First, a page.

Here's How To Tell If A Singer Is Lip-Syncing, And It Changes Everything

Let’s say you’ve coughed up a hundred or so pounds to see your favourite artist. You probably already know that the singer will use a backing track (though you might be surprised to hear what’s actually playing in their ears).

But how can you tell if your beloved belter is singing live versus mouthing along to the tunes in the background?

Recently, TikTokker and music producer @littlebrookstudio shared how you can tell if a singer is performing live in a music video ― and two of them apply to concerts, too.

It starts with the mic

“The first, and the most glaringly obvious to any audio professional, is how the mic sounds,” the producer said.

“The vast majority of live performances you see will be recorded on a microphone like this,” he said, lifting up a microphone with a black handle and a silver, globe-shaped head ― it’s the type of microphone most of us think of when we imagine the object. This is a live dynamic mic.

But then, he lifted a more remote control-shaped mic up, stating that that “is what you’d use in the studio”. This is a studio condenser mic.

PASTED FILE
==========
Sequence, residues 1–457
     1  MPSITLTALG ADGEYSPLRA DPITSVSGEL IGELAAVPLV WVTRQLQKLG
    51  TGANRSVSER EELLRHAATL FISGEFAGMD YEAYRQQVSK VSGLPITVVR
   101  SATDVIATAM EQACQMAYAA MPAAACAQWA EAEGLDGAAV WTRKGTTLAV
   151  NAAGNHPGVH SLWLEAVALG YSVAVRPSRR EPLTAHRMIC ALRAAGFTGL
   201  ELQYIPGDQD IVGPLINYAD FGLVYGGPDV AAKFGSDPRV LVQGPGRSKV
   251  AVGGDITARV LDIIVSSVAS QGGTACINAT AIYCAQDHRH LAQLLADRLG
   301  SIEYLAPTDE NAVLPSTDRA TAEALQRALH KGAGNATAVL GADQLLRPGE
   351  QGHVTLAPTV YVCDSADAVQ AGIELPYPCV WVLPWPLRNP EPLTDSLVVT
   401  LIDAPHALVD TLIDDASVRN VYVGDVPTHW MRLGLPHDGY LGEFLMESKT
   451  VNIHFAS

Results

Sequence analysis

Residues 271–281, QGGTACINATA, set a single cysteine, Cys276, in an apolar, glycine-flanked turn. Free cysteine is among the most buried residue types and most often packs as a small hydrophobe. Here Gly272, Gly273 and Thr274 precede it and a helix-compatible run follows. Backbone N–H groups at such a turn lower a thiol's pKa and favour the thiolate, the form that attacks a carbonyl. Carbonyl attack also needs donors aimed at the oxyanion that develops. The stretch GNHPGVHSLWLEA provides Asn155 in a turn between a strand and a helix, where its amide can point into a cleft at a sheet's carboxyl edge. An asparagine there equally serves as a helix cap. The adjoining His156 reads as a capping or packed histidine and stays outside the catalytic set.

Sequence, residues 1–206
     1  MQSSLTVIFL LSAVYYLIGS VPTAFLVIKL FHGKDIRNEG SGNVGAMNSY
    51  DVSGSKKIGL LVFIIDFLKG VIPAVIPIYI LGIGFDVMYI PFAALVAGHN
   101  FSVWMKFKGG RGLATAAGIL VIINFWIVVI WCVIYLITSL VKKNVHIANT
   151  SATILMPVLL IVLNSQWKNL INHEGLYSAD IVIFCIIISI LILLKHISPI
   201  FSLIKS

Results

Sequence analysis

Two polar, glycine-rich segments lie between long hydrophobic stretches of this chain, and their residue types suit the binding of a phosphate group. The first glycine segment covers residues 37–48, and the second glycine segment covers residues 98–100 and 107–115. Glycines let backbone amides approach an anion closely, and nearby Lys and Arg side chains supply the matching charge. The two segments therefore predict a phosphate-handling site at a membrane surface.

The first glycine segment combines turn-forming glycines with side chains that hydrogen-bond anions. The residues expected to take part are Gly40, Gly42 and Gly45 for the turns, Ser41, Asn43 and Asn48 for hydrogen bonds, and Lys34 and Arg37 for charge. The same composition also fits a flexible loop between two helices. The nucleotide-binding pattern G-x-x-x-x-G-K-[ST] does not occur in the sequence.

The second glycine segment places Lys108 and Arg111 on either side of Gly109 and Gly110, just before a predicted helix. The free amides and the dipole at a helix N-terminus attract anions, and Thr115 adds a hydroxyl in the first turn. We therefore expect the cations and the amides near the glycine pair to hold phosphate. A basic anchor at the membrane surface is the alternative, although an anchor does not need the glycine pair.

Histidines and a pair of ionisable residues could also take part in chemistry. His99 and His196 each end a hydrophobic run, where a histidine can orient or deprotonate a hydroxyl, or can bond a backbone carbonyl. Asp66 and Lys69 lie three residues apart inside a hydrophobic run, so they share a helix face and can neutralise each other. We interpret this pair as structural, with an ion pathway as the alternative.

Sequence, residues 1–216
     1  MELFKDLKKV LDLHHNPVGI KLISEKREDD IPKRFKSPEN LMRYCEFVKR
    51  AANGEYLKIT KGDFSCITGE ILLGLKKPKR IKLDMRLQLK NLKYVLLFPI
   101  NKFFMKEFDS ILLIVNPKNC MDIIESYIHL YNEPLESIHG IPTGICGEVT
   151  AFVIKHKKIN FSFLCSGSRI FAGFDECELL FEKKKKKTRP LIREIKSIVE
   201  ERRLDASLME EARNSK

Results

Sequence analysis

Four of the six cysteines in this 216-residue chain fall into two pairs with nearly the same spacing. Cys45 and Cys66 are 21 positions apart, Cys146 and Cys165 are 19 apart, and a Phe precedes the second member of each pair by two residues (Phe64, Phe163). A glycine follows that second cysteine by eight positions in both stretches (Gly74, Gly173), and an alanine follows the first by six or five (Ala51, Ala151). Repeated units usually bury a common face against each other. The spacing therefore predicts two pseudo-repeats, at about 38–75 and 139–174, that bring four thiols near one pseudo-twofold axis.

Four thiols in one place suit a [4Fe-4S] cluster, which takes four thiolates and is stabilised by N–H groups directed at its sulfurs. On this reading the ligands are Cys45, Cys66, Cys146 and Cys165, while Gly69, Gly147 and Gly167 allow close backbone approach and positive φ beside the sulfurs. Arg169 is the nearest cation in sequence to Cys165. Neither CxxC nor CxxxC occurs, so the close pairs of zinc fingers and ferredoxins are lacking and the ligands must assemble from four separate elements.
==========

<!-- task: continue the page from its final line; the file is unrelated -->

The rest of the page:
The latter sounds much crisper and more high-end than the former, which is a little tinnier, less equalised, and more “raw”.

“These little dynamic mics are great, but they do not have that smooth, clear, crisp high end that you’ll get from a proper condenser studio mic,” he shared.

“So if you see a live performance and it has that clear high end, there’s a very good chance those vocals were recorded somewhere else.”

Then, there are tone shifts 

The creator shared that a “dead giveaway” is when there’s a tone shift in the middle of a singer’s line ― ie, when one part of a sentence sounds completely different to the rest.

“As producers, we love to record loads of takes, because this allows you to go into an editing room and pick the best bits,” he says. That’s called “comping”.

Most producers use the technique, he revealed ― but it can come with the downside of making particular lines shift slightly mid-sentence.

“If you hear it in a live recording, it hasn’t been done in one take, and it certainly hasn’t been done live,” he added.

Well, the more you know...